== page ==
After 2008, the bruin went out of sight for a couple years.
Bear 587’s next known encounter with people was in 2010, when a cowboy saw him killing a calf in the Tosi Creek area of the Upper Green. State biologists trapped him and dropped him back in the Pilgrim Creek drainage in Grand Teton, but he didn’t stick around.
The next year 587 again found himself in trouble with livestock, Turnbull said.
After the latest incident, much consideration went into the decision to kill 587, said Dan Thompson, Game and Fish large carnivore regional supervisor.
“We do everything we can to let bears be bears,” Thompson said. “It’s unfortunate.
“It’s the worst part of our job when we have to remove an animal from the population,” the biologist said. “This was what had to be done.”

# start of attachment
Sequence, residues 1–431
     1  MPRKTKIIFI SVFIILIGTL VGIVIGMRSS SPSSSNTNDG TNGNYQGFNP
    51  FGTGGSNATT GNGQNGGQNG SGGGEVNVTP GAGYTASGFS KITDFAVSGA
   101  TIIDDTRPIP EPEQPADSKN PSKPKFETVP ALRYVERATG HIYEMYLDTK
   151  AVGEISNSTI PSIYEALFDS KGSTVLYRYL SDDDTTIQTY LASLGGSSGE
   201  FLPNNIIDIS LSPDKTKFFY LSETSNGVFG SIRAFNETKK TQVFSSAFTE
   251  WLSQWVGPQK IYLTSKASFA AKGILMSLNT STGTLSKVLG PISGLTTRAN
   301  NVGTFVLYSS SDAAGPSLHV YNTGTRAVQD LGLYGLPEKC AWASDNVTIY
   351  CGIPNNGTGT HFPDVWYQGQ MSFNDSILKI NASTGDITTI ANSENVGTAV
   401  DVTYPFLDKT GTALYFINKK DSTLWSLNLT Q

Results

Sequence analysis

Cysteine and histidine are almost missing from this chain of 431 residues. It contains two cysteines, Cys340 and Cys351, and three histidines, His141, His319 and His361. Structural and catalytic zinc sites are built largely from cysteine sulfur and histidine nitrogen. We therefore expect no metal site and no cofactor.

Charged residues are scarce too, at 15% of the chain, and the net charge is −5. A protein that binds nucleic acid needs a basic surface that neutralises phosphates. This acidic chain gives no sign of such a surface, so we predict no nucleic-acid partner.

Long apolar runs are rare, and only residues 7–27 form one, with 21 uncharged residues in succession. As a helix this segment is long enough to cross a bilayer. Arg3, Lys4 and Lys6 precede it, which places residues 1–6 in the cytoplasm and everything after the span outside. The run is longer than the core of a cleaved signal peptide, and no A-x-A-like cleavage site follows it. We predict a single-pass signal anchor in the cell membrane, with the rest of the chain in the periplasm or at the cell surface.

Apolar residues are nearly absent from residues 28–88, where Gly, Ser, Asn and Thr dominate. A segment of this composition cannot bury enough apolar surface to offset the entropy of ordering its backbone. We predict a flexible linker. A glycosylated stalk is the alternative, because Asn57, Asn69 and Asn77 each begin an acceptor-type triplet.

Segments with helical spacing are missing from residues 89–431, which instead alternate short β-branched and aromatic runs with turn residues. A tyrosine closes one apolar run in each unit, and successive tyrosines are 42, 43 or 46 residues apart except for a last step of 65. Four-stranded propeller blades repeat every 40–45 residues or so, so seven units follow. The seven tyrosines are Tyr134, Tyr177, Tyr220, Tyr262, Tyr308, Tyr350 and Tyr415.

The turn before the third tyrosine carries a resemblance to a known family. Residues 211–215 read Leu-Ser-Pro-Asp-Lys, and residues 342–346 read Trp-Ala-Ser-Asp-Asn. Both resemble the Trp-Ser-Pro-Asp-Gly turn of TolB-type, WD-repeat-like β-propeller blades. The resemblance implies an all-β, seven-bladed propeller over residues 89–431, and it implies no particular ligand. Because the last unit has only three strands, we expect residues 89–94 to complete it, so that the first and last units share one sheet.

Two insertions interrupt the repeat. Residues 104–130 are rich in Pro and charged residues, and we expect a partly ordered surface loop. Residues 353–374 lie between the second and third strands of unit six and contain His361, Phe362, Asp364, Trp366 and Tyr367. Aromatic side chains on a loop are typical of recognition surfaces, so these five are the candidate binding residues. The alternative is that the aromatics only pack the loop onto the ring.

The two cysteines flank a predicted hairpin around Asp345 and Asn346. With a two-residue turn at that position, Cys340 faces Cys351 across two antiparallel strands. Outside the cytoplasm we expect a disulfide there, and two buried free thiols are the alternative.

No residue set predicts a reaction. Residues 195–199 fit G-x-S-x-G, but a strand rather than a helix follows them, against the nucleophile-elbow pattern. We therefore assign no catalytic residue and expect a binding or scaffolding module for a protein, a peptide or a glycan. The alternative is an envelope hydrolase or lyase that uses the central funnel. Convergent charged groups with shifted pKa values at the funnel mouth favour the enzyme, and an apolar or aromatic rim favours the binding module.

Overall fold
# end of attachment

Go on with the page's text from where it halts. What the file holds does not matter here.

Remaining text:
Bear 587’s death raises questions about allowing bears to roam roadside areas and become used to people. In Glacier National Park, some bears are chased from roads by rangers.
Cain characterized the park’s current bear management, which tolerates roadside bears, as “an experiment.”
Of the six cubs from grizzly 399’s 2006 and 2011 litters, it’s likely that just two are still alive. One is bear 610, 587’s sister. The other is a 2-year-old cub that 610 “adopted” from her mother when it was a cub of the year.
Three of 587’s siblings are believed dead. His other sister, 615, was killed illegally by a hunter. Photographers believe the 2011 cub “Brownie” was the bear killed by a vehicle barreling off of Highway 89 last summer.
The other cub from the 2011 litter is suspected to be dead after it separated from its mother a year earlier than usual.